Meanwhile, governments in the Eurozone have agreed a package that guarantees loans that banks make to each other, and which provides assurance that public investment of capital will be made in banks that are struggling. The package resembles the British solution - which released £200 billion for loans to banks as well as providing up to £50 billion for capital investment. It remains to be seen exactly how the European solution will work - inevitably the need to work across borders renders matters complicated here.

Markets have responded positively to these moves.

Wednesday, October 08, 2008

The Bank of England has cut its interest rate by 0.5% - a day ahead of the expected announcement of the Monetary Policy Committee's decision - in a coordinated move by central banks that includes similar rate cuts in the USA, the Euro area, China and elsewhere. The cut should provide help bolster the demand for credit, hence investment, and hence overall spending, as the downturn threatens to turn into a severe recession. It is a very belated, but nonetheless welcome, move. It is unlikely to be the last cut in interest rates of the year.

An equally serious problem, however, is that the supply of credit remains frozen. The measures announced by the government earlier today - which involve it in taking partial ownership of commercial banks and providing banks with access to a huge amount of extra loans from the public purse - still need to be accompanied by conditions that enable banks to have renewed confidence in each other. Providing an institution to insure debts, and financing that institution, is one measure that I have mentioned before on this blog. A wholesale reform of the regulation of the financial sector is another. These are exciting, albeit traumatic, times indeed.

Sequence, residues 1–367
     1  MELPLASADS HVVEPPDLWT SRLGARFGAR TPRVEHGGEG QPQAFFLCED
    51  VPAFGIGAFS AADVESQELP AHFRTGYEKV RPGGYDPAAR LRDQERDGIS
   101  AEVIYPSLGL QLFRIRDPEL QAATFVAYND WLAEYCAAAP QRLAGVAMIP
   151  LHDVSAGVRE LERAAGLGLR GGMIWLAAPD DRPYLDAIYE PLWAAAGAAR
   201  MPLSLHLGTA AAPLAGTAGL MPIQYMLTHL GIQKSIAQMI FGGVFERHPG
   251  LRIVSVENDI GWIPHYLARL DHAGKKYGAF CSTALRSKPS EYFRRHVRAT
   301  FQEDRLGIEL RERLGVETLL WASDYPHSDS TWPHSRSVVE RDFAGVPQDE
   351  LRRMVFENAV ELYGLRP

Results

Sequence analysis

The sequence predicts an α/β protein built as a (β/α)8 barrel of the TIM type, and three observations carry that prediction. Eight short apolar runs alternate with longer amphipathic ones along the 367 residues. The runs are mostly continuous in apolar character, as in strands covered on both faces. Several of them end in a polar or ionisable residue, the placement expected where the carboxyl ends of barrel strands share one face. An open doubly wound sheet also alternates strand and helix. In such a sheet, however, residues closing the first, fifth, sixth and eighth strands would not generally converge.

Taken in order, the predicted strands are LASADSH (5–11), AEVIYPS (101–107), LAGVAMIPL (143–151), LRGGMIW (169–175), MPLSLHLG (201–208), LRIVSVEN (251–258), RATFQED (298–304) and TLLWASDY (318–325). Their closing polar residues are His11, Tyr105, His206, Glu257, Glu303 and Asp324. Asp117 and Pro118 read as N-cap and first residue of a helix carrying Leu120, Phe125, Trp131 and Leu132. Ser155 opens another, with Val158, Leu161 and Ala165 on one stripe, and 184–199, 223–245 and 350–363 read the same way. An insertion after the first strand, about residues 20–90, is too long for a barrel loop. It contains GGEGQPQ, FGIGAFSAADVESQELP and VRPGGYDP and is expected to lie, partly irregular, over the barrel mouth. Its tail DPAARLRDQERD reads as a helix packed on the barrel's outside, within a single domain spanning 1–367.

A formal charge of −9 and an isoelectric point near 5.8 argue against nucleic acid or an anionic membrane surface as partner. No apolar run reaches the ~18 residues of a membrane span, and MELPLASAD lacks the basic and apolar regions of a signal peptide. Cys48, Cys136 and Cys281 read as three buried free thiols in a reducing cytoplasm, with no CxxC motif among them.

Bank A wishes to take a loan from Bank B. In normal times, Bank B would love to make the loan, since rates of interest are attractive. But there is a problem. Call that problem a trust gap. Bank B simply does not trust Bank A to be able to repay the loan.

In normal times, defaults on loans are quite rare, and banks insure themselves against such defaults by way of a markup on the charges they make for all loans. Just as shopkeepers make an allowance in their pricing decisions for the fact that some goods will perish while in stock, banks make an allowance in setting their borrowing terms. These times are not normal, however, and there is a need for a more formal type of insurance to plug the trust gap.

We might expect the need for such insurance to be met by the creation of a company specifically to offer it. Surely such a company would offer an attractive proposition to investors. But solutions of this type are unlikely to work in the present climate, simply because banks are not lending, and so they would not lend to a company setting itself up to provide this sort of insurance.